First Central Bank Case

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First Central Bank Case

Part I:

River City was a community of approximately 210,000 people and, because of the influence of the International Metalworkers Union (IMU), had been considered a "union town" by most everyone. The IMU was heavily involved with organizing many of the firms and institutions in the area and was active in local politics. They had represented the workers at the large auto parts plant since the 1930's. Another of the institutions that the IMU had been able to unionize was one of the town's smaller banks. It had organized the bank's maintenance workers. The IMU was now trying to organize First Central Bank, the area's largest and oldest commercial bank.
As a result of recent growth, First Central had expanded to
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It did this by: (1) banning certain unfair labor practices, (2) providing for secret-ballot elections and majority rule for determining whether a firm's employees were to unionize; and (3) creating the National Labor Relations Board (NLRB) for enforcing these two provisions.
The Taft-Hartley Act (Labor --Management Relations Act) was passed in 1947. This act prohibited union unfair labor practices and lists the rights of employees as union members and rights of employers. The First Amendment permits both employers and employees to exercise free speech by electioneering during union organization.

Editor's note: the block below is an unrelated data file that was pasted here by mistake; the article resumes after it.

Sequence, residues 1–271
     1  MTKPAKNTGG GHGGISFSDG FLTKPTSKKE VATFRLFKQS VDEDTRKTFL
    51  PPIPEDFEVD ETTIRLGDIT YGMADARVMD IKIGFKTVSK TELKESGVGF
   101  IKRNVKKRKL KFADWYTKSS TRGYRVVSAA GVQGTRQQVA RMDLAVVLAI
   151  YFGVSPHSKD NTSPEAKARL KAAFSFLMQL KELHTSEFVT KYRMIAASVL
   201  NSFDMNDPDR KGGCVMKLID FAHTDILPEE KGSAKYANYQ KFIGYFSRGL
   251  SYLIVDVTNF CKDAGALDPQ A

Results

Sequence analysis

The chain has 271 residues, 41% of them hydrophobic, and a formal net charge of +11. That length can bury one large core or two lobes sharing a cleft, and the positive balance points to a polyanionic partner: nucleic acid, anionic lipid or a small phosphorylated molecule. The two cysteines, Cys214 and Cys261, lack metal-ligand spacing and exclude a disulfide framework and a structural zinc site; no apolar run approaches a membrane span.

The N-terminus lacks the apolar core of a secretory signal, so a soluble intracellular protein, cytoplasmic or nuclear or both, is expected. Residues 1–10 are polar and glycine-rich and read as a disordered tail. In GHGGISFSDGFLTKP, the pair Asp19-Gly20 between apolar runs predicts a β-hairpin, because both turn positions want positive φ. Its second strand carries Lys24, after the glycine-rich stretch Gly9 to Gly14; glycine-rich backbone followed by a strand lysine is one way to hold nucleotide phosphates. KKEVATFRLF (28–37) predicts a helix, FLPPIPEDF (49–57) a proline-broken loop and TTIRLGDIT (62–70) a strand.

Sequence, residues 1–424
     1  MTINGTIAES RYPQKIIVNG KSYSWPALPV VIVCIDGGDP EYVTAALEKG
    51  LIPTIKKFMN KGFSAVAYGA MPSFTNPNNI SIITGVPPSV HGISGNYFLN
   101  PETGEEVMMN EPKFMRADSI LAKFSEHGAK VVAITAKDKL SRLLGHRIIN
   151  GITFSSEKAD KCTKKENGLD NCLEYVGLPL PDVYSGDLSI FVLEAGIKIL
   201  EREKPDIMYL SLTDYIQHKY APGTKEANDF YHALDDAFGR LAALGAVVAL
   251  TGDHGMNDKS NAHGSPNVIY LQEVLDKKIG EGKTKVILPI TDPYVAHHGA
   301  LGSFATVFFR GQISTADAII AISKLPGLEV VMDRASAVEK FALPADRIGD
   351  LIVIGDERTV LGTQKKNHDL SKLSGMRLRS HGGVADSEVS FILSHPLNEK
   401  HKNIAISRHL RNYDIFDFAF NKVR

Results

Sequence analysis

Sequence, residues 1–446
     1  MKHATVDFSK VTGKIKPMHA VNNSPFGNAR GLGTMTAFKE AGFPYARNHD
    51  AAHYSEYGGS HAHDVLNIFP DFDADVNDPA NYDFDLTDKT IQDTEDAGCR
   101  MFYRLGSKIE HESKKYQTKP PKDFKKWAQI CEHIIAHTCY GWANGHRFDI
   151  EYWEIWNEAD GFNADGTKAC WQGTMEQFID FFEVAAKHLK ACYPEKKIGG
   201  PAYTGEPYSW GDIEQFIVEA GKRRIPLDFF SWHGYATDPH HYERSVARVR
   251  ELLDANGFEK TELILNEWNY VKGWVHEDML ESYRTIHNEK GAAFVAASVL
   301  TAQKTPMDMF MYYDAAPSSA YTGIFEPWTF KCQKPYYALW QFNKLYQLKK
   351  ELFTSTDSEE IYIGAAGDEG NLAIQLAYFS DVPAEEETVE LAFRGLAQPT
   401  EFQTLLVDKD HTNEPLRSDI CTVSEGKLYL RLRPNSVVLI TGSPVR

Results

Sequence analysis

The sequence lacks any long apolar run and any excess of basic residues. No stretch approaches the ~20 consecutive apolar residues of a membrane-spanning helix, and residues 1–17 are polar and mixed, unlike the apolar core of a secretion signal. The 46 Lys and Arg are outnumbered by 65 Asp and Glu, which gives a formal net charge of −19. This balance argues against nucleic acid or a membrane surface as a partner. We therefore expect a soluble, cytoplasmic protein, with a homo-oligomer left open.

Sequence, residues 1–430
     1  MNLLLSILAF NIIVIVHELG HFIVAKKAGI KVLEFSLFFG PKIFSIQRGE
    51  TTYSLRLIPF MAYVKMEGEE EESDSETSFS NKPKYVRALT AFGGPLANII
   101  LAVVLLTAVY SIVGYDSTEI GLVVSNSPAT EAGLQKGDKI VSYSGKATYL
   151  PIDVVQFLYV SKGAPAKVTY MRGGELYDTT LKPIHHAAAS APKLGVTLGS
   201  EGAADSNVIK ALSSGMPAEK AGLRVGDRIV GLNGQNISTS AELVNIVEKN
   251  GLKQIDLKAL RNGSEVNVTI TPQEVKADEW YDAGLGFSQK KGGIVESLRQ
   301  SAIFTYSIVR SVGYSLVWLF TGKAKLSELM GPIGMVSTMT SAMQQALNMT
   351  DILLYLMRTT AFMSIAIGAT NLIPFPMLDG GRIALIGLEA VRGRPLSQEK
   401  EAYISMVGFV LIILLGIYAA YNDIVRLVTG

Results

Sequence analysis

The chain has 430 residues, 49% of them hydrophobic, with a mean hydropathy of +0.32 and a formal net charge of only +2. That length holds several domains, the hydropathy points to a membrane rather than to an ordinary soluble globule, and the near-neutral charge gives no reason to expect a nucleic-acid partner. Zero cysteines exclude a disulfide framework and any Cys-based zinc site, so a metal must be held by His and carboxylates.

As the study guide states, statute and case law have defined a series of unfair practices that employers and unions may not engage in during electioneering for a union certification election. Some unfair employer labor practices include 1) interference with union organizing efforts, 2) interference with employees' efforts for mutual aid, 3) tion of a labor organization, 4) support for a labor organization, 5) discrimination on the basis of participation in union activities, 6) discrimination due to employees' exercise of legal rights, and 7) refusing to bargain or refusing to bargain in good faith. Some unfair union labor practices include 1) restraint or coercion of employees or union members, 2) refusing to bargain or refusing to bargain in good faith, 3) strike-related conduct that may be illegal, 4) excessive dues, 5) featherbedding, and 6) coercion of employees to
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